parties.. ÿhen the proposal or acceptance
of any promise is made otherwise than in
words, the promise is said to be implied.
Such an implied promise leads to an
implied contract
contract.. For example, A boards a
bus.. It is implied from his conduct that A
has entered onto an implied promise to
purchase a ticket.
( Certain relations resemble those created by a
contract.. Certain obligations which are not
contracts in fact but are so in the contemplation
of law.
law. These are called Quasi
( Illustration::
( µA¶ supplies necessities to µB¶ who is not capable
of contracting and reimbursing to µA¶.
µA¶. A is entitled
to be reimbursed from B¶s property.
( Quasi contracts raise out of obligation enjoyed by
one person from the voluntary acts of the other
which are not intended to be performed
| | 
( A contingent is one in which a
promise is conditional and the
contract shall be performed only on
the happening of some future
uncertain event.
( Illustrations
( µA¶ contracts to pay B Rs 10
000, if
B¶s house is burntburnt.. This is a
contingent contract
( A contract of record is one which is
taken to the records of a Court, for
example judgment of a court.
court. Such
judgments create a binding effect
through the authority of the Court.
( A specialty contract is a contract
which is in writing signed, sealed and
delivered by the parties.
parties. It is also
called a contract under seal.
Consideration is not necessary in a
specialty contract
" | 
( A simple contract s one which is not under seal.
All contracts which are not under seal are simple
contracts All simple contracts require
consideration.. They may be made by written or
spoken words.
words. Contracts of Record and Specialty
Contracts are also known as Formal Contracts.
The classification of contracts into Contracts of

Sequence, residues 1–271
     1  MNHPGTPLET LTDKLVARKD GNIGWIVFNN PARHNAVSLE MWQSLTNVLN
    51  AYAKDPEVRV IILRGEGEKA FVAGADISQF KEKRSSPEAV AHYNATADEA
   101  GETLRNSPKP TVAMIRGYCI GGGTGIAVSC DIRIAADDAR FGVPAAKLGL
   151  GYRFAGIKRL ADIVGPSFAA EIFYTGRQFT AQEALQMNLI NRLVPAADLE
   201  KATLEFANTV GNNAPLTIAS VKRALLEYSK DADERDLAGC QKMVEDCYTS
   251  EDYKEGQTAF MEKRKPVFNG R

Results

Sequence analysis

Record, Specialty and simple is under the English
Law.. Indian Law does not recognize contracts
without consideration
consideration.. All contracts must have
consideration in order the valid subject to
exceptions under section 25 of the Act.
" $| 
ÿhen all or some of the terms and
conditions of contract are statutory
then the entire contract, or that
extent as the case may be, would be
regarded as statutory contract.
 |  | 
( Every person is competent to
‡ who is of the age of majority according
to the law to which he is subject, and
‡ who is of sound mind, and
‡ is not disqualified from contracting by
any law to which he is subject
 '< $
( every person domiciled in Pakistan
shall is deemed to have attained his
majority when he has completed his
age of eighteen years, and not
" '
( A person is said to be of sound mind for
the purpose of making a contract if, at the
time when he makes it, he is capable of
understanding it and of forming a rational
judgment as to its effect upon his
( A person who is usually of unsound mind,
but occasionally of sound mind, may make
a contract when he is of sound mind.
( A person who is usually of sound mind,
but occasionally of unsound mind, may
not make a contract when he is of
unsound mind
( Two or more persons are said to consent
when they agree upon the same thing in